Revolution has to have clear goals, not people chilling in Tahrir smoking shisha. It needs to have a leader not a whole bunch. Egyptians, you have to organize yourselves before asking the gov to respect your opinion. They can't break you, you have to unity. This is why this is not a revolution: 1. Army is still hiring whatever they want. 2. Army is still passing whatever law they want 3. Army is still changing the constitution to whatever they want. 4. Brotherhood is taking over. Another Iran on the way. Makes me really sad, I was hoping to see Egypt my land move to a better direction.
Email
 
Name
 
Comment's Title
 
Comment
9



Paul X
25-03-2011 07:39pm
0-
0+
Par for the course
This is what rulers do, gang. Time to hang a few of them from lamp posts, maybe they will get your message. Thing about rules is, you can always ignore them. Too bad Egyptians are not armed, though. That always helps a lot.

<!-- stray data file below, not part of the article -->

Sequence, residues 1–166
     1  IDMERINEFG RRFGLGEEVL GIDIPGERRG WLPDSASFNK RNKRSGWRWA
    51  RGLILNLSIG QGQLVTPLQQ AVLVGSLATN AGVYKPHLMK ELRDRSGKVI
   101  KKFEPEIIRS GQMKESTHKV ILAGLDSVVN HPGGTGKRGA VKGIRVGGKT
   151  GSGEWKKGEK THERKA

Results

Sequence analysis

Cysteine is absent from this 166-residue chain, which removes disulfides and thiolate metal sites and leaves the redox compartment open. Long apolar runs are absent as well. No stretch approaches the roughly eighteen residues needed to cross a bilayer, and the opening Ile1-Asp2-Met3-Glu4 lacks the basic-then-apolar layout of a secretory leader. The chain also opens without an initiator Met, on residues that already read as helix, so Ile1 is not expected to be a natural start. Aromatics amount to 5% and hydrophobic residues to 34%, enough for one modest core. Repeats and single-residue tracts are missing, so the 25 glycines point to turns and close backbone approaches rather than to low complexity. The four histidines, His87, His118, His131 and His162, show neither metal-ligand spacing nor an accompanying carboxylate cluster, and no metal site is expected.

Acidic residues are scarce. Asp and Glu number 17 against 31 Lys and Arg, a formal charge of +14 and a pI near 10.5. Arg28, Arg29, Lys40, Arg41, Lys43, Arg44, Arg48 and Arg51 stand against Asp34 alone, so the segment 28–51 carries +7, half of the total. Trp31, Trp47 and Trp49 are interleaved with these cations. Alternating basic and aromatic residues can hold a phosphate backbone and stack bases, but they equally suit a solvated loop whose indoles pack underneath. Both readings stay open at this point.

Email
 
Name
 
Comment's Title
 
Comment
8



shahira
25-03-2011 07:03pm
0-
0+
the way to Tahrir Square
I say BRAVO to the defiant ones who refuse to be silenced or intimidated! The government is indeed trying to silence voices of dissent in much the same way as the Mubarak regime did. This time their pretext is to "restore stability ." How about they help us restore stability by first responding to our demands?! We are all shocked and dismayed especially as this was the same Essam Sharraf who joined the protesters in Tahrir and pledged to work to meet their demands. The same corrupt people are still pulling the strings all over the country including in state media institutions . The editors in chief have changed their tune but they have already lost their credibility. The government hasnt even given a timeframe for the activists' demands to be met. They risk losing the trust of the people . Let's remind them that we now know the way to Tahrir Square.
Email
 
Name
 
Comment's Title
 
Comment

© 2010 Ahram Online. Advertising